HALIFAX -- As the Nova Scotia RCMP used a helicopter Friday to search for five fishermen whose scallop dragger sank in the Bay of Fundy this week, the mayor of a major fishing port said many residents are still in a state of shock.

The body of one fisherman was found Tuesday night, but the boat and the other crew members and captain have yet to be found.

"Right now, people are still numb," said Pam Mood, mayor of Yarmouth, which is famous for its large lobster fishing fleet.

"It's very, very raw. We are almost getting used to the fact that just when we get used to standing back up, we get punched in the face again."

Mood said three of the six men aboard the 15-metre Chief William Saulis, which sank near Delaps Cove, N.S., on Tuesday, were originally from the Yarmouth area.

As well, she said residents are reminded at this time of year about another disturbing loss of life that marred Christmas celebrations two years ago. On Nov. 24, 2018, a four-year-old girl died after she fell under a float during Yarmouth's annual Christmas Parade of Lights.

"Christmas is a raw time for all of us," Mood said Thursday.

"What is most important for this community right now is to understand that this is not the time to bounce back. We're not there yet. We need to grieve. We need to cry. We need to be angry, hurt, feel the pain -- all those things."

Mood said she has asked a grief recovery specialist to work with the victims' families.

The men aboard the missing boat were Aaron Cogswell, Leonard Gabriel, Daniel Forbes, Michael Drake, Eugene Francis and the boat's captain, Charles Roberts.

Drake's younger sister, Raelene Carroll, said it was her brother whose body was recovered Tuesday. Drake, 48, was from Fortune, N.L., on the province's Burin Peninsula, and Carroll is now in the process of having his body sent home from Nova Scotia.

She said Drake was a quiet, kind man, and a generous one, known for offering anything he could -- including, supplies and food and his time -- to others in his community.

She said her brother spent a large part of his life working on fishing boats. "The salt water was in his blood," Carroll said in a phone interview. His love of the ocean has helped her find solace in his death, she added, because he died doing what he loved.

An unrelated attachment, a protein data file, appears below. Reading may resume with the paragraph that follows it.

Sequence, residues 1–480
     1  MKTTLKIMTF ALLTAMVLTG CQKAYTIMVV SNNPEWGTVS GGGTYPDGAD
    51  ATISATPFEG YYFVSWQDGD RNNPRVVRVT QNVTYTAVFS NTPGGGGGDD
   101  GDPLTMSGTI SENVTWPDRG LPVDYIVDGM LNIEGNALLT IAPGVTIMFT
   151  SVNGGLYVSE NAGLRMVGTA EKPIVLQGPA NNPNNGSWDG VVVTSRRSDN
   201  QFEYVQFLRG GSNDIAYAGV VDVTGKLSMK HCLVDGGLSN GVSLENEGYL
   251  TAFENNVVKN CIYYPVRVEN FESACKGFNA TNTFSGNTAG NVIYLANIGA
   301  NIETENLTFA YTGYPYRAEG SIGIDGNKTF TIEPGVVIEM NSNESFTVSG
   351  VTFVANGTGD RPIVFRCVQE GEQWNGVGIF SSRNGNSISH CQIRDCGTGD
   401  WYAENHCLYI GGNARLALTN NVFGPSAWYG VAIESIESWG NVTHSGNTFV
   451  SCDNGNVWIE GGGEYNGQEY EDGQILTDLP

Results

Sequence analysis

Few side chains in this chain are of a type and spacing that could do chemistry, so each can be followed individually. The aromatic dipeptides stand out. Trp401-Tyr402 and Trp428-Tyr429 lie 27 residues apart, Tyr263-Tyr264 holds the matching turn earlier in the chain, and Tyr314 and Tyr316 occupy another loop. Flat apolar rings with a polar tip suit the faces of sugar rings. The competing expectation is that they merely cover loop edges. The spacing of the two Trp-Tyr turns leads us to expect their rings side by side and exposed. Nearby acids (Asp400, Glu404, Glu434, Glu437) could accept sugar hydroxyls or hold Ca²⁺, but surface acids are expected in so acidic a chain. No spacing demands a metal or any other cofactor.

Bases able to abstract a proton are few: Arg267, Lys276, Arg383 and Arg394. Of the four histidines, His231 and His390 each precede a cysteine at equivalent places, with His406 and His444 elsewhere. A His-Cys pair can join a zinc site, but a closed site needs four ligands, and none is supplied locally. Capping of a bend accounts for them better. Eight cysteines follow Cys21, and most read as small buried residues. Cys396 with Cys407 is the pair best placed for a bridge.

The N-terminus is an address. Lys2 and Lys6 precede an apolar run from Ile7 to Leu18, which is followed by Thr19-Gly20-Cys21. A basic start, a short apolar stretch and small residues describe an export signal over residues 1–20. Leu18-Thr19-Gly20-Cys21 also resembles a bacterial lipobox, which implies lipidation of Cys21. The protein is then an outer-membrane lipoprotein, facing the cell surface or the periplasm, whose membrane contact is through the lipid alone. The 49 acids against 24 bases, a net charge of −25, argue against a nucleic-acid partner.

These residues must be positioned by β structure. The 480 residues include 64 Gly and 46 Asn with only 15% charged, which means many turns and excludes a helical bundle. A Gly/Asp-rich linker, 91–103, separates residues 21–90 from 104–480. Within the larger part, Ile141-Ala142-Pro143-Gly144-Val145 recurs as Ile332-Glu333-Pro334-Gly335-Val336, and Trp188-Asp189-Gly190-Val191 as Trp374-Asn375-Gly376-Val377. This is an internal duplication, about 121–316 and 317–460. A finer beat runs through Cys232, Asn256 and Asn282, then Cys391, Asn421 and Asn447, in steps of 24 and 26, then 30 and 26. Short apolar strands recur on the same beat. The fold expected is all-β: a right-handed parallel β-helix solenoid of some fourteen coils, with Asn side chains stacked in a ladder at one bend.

Carroll said she shared a call with her brother the night before he left port on the Chief William Saulis and, like always, they signed off with "I love yous." She said she's grateful they shared those last words.

In Nova Scotia, a ground search of the bay's southern shoreline was kept on hold Friday because the weather conditions were still poor after a snowstorm descended on the region Thursday.

Industry officials say the 56-tonne boat is believed to have capsized in three-metre waves as it was heading to its home port in Digby, N.S., which is renowned for its scallops.

The experienced crew did not issue a mayday distress call via VHF radio before the boat foundered. The Joint Rescue Co-ordination Centre in Halifax was alerted to a problem Tuesday at 5:50 a.m. when it received a signal from the boat's Emergency Positioning Indicating Radio Beacon, a device that is automatically triggered when submerged.

Matthew Duffy, a safety adviser with the Fisheries Safety Association of Nova Scotia, said scallop fishing comes with its own specific dangers.

The typical scallop dragger uses a type of dredge that is pulled along the ocean floor to scoop up the saltwater mollusks, which can cause stability challenges.

Duffy, however, said the majority of the boats in Nova Scotia's scallop fishing fleet are built to withstand the worst weather.

"With most fishing vessels . . . the goal is usually to over-engineer so that it's stronger than it even really needs to be," he said.

"Scallop dragging has been done for such a long time that I think they've really fine-tuned the methodology behind it."

This report by The Canadian Press was first published Dec. 18, 2020.